The Theory of Causal Fermion Systems

Overview of Mathematical Aspects

Basic Definitions

The general definitions of a causal fermion system and the causal structure are given.

Generalizations and Special Cases

An overview of different generalizations and specializations is given.

Existence Theory

The existence theory for minimizers of the causal action is outlined.

Inherent Structures

A causal fermion system involves structures which are inherent in the sense that they do not give additional input but merely give information already encoded in the causal fermion system a useful name. Here is an overview of the most important inherent structures:

Spin Spaces and Physical Wave Functions

These structures bear similarity with a topological vector bundle, with the physical wave functions as sections thereof.

The Fermionic Projector

The kernel of the fermionic projector induces relations between space-time points. It is also the kernel of an integral operator.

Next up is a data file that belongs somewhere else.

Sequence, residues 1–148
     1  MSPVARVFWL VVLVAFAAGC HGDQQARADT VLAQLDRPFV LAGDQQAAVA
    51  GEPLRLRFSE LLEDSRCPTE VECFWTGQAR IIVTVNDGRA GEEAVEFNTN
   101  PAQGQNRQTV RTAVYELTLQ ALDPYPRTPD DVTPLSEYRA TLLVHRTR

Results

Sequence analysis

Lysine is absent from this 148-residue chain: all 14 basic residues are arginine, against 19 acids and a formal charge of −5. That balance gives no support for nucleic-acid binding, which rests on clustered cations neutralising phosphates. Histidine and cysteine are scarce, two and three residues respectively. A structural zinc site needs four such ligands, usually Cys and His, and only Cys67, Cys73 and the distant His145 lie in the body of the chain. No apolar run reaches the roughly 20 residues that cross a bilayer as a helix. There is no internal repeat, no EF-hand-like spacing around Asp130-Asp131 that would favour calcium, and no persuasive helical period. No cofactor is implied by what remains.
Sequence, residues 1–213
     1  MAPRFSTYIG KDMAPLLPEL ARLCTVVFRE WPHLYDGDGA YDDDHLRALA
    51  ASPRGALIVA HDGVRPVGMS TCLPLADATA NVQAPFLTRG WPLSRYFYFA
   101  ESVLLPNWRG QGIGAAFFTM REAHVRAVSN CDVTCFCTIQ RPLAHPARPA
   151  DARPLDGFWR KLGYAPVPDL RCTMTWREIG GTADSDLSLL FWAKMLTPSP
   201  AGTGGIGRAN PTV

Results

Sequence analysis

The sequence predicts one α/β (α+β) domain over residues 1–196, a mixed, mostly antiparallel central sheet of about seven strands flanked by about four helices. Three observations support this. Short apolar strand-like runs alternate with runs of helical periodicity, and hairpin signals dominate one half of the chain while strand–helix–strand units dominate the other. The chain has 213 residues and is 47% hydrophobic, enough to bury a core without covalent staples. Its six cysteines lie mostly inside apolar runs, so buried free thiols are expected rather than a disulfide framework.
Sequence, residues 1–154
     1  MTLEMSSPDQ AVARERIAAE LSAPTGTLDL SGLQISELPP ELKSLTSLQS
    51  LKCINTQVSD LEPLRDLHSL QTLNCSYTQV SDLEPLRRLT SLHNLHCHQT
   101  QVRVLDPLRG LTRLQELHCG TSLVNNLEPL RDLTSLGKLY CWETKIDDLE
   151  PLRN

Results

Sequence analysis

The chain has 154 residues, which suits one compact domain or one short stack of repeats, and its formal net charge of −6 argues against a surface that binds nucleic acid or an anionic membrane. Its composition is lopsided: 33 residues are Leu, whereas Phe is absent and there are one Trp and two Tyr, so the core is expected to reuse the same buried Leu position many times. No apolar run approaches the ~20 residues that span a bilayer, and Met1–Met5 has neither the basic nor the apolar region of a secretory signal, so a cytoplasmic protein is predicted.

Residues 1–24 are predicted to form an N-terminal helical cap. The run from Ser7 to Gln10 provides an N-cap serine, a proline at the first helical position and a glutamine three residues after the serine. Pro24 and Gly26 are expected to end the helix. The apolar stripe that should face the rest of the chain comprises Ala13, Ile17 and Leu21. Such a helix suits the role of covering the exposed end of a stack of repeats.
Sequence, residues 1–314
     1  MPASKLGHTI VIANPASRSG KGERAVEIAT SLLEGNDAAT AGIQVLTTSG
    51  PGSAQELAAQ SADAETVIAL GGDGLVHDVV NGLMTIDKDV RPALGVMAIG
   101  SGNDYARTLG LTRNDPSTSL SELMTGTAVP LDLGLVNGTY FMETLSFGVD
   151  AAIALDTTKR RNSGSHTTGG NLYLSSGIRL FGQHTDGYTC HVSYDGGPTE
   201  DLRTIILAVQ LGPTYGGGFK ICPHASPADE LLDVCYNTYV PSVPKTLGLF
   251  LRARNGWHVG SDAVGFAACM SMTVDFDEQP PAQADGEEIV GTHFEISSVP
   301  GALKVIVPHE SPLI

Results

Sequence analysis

Geometric Structures

The spin connection and curvature are introduced.

Surface Layer Integrals

Analytic Structures

The Euler-Lagrange Equations

Critical points of the causal action principle satisfy the Euler-Lagrange equations.

The Linearized Field Equations

Linearizing families of solutions of the Euler-Lagrange equations gives rise to the linearized field equations.

The Dynamical Wave Equation

Considering the behavior of the physical wave functions under linear perturbations of the causal fermion system gives rise to the dynamical wave equations.

Existence Theory for Linear Fields and Waves

The existence theory for solutions of the linearized field equations and the dynamical wave equation are outlined. The methods are based on energy estimates.

Examples and Limiting Cases

Minkowski Space as a Causal Fermion System

The Continuum Limit

Quantum Field Theory

General Relativity

Further Structures

Manifolds of Operators

Operator Algebras

Causal Cone Structures

Fock Space Structures

Positive Functionals

The Fermionic Signature Operator

Notions of Entropy